Cal UAS — the path forward

Rebecca Neipp

News Review Staff Writer

With a continuously changing political landscape that has altered the face of Cal UAS over the last several months, Eileen Shibley recently outlined how the effort has reinvented its organizational structure and mission to adapt to that environment.

Chief among those developments is its new status as a California corporation of the same name, shepherded under a board that includes Shibley as the president, Donna Hocker as treasurer, Skip Gorman as secretary, Jim Suver and Don Cortichiato.

“The goal of Cal UAS remains the same — to usher in this new era of unmanned systems, and to be a part of everything that means. We also believe, as we always have, that our area is perfectly situated to play a huge role in that.”

The endeavor was born late 2011 when the FAA announced its intent to name six sites nationwide to facilitate integrating unmanned systems into national airspace. The China Lake Alliance and other local leaders identified this as an opportunity for the region — which has long been the home of aerospace milestones — to bring compatible industry to the high desert.

In June 2012 the Inyokern Airport partnered with the volunteers of the fledgling effort to become headquarters of the proposed Cal UAS site. The airport, the alliance and community donors raised money to put together a competitive bid, but learned Dec. 30 that the FAA had opted not to select a site in California.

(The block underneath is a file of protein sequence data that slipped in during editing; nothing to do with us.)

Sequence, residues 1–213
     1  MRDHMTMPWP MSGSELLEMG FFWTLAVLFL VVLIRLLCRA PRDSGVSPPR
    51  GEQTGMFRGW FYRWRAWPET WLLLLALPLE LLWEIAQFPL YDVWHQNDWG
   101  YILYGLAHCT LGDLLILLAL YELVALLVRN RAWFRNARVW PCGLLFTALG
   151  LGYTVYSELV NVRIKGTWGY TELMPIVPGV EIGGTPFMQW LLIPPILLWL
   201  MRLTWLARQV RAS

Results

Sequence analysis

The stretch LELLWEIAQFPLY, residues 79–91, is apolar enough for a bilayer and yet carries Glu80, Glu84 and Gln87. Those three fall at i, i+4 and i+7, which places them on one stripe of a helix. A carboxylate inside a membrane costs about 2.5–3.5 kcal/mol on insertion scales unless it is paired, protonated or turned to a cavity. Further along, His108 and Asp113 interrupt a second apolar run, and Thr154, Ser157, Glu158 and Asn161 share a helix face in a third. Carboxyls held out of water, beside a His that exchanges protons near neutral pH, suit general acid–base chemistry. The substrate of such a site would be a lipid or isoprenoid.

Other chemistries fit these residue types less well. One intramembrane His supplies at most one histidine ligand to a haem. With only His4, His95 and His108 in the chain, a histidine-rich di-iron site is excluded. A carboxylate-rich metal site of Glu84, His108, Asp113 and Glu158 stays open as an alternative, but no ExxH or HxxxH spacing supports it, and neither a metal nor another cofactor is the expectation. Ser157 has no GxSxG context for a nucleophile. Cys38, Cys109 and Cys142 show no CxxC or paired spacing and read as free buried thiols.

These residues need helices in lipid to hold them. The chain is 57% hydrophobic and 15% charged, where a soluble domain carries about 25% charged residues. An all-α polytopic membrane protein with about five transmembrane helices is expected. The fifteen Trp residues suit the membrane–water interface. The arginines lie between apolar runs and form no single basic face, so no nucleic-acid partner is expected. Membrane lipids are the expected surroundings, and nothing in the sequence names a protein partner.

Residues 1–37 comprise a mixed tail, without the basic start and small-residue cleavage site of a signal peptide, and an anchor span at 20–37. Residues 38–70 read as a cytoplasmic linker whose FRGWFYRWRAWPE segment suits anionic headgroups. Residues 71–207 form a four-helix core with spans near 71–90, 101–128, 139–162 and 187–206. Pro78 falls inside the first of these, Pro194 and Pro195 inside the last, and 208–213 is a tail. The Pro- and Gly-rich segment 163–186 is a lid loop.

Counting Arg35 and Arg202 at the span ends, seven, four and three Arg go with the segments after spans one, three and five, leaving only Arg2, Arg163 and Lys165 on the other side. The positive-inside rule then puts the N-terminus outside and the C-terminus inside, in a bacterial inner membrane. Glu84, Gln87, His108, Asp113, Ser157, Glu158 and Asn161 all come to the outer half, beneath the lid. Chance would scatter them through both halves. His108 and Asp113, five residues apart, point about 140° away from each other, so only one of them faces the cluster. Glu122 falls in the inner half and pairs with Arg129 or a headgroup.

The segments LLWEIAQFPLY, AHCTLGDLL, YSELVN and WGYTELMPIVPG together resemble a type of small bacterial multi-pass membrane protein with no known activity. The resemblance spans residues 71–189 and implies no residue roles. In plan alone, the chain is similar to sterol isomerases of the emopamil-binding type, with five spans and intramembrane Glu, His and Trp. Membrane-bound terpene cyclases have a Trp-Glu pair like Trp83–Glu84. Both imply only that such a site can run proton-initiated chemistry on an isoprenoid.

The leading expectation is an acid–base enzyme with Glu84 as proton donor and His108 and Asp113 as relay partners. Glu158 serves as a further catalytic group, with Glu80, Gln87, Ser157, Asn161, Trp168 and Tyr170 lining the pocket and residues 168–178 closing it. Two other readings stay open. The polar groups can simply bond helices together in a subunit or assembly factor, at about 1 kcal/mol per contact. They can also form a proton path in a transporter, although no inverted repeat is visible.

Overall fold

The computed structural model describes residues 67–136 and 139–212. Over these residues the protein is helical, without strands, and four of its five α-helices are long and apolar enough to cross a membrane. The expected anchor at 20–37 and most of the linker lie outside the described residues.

When the airport dissolved the committee that was formed to capture the FAA designation, Shibley said, the group decided to shift its focus to developing unmanned systems for some of the most in-demand applications of this burgeoning industry. She said a big part of that decision was the increased difficulty in gaining authorization for testing from the FAA.

In January Cal UAS unveiled the Monarch, a small UAV that functions as a turnkey system for farmers to monitor their crops. The agriculture community has been steadily turning toward precision crop tending, and UAVs offer the most information, flexibility and efficiency to this end, said Shibley.

“When you break down the cost per acre, it is also the most economic option,” said Shibley. “Once you purchase a system your only future costs are replacing the batteries.”

She said that based on the warm reception to the farm-mapping Monarch, Cal UAS is in early development of systems that will serve the wind-turbine and utility-company markets as well.

Shibley added that Cal UAS is working with the city to get funding for a manufacturing facility for Monarch production. If that happens, the IWV could benefit from the creation of jobs as well as the generation of local tax revenue.

“We are talking about jobs in the areas of design, engineering, technical and electronics assembly,” said Shibley. “This is the best possible fit for our area. We live in a community of innovators, and we are compatible with the mission on the base. This will also provide a lot of opportunities for technology transfer.”

Story First Published: 2014-04-16